Tuesday, July 27, 2004

A Few Observations on Last Night's Convention
  • As a conservative, I had to love last night's lineup. Al Gore. Jimmy Carter. Names synonomous with "loser" in American politics. If only they'd brought Dukakis in, they'd have hit the trifecta.
  • This is a convention that has put Al Sharpton out in front. Among the speakers today are Tom Daschle, Howard Dean, Tuh-RAY-zuh Heinz Kerry, Ted Kennedy, and Carol Moseley-Braun. It just can't get any better. I'm actually praying for high ratings. People need to see this.
  • I can only hope that they'll continue to focus on national security. Jimmy Carter standing at the podium touting his party on national security is worth more than every dollar spent on Bush campaign ads this year. Oh yeah, national security. Let's see, this is the guy who practically put the Ayatollah Khomeini in power in Iran, then rolled over when Islamic militants seized our embassy and took hostages. (The captors practically admitted years later that they would have given the whole thing up in hours had the U.S. threatened a forceful response. We didn't.) Carter also micromanaged the disasterous rescue raid, criticized Americans' "inordinate fear of Communism," and ushered in a communist government in Nicaragua that led to the deaths of 40,000 people in the civil war there. Please, please, please, let's make this election about national security.
  • "Today, our dominant international challenge is to restore the greatness of America," Carter said. Ah yes, remember how Carter restored America's greatness? The international prestige we enjoyed during his term?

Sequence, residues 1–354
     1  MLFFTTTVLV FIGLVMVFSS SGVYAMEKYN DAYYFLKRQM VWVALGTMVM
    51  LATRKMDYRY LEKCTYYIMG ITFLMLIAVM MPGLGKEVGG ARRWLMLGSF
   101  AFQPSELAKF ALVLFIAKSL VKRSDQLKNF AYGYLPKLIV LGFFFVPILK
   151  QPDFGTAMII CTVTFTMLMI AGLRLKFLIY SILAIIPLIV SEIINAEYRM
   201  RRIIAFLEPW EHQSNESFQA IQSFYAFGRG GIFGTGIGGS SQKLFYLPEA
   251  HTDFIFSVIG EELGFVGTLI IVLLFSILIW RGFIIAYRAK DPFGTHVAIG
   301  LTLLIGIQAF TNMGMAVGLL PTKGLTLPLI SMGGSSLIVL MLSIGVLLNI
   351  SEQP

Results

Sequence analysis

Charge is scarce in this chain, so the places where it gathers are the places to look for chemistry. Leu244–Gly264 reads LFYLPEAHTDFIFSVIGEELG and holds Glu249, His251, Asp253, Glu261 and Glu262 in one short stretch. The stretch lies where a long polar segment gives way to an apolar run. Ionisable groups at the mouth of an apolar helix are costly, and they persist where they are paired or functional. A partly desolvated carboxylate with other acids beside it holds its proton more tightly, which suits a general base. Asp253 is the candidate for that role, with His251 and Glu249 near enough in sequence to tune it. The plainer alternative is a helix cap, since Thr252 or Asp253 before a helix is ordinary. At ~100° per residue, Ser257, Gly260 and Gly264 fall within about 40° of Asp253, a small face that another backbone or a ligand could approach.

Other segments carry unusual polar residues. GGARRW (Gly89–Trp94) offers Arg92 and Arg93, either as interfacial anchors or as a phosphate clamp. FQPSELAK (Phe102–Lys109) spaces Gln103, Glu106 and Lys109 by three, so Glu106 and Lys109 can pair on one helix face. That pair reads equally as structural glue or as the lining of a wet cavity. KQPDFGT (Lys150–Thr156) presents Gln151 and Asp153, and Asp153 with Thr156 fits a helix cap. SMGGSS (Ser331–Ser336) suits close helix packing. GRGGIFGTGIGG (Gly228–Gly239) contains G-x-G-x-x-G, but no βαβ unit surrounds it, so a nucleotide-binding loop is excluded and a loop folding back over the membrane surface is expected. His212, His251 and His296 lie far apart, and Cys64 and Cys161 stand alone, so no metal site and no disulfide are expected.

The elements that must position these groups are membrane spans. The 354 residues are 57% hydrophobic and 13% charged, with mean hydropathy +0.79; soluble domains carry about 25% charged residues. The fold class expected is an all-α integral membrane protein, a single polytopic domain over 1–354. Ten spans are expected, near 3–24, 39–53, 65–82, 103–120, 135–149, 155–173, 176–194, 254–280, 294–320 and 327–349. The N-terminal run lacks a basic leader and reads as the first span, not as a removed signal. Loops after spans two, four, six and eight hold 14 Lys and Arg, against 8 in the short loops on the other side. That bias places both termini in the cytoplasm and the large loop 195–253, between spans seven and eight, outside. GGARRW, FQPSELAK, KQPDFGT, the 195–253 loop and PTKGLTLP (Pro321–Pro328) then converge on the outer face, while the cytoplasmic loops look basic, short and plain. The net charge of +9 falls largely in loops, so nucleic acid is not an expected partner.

• The Democrat Party's foreign policy is essentially "If we're nice to them, maybe they won't try to kill us." That's worked real well up to this point. Last night, Al Gore said, "I firmly believe America needs new leadership that will make us stronger at home and respected in the world." Gore and Bill Clinton spent eight years making us "respected in the world." They swore fealty to the U.N., engaged in nation building, and sent U.S. troops into dozens of "humanitarian crises." And what did all that supposed international goodwill and respect buy us? 9/11.
  • John Kerry will not win. I'm now convinced of it. Why? Because his party is not excited about him. Dems spent most of last night apologizing for him. "No, he's not exciting, but do you want exciting, or do you want good leadership?" they were saying. That's not going to get the job done. Yes, they hate Bush. They're quite outspoken about it. But hatred of the incumbant without excitement for the alternative has never elected a president. Nor will it this year.

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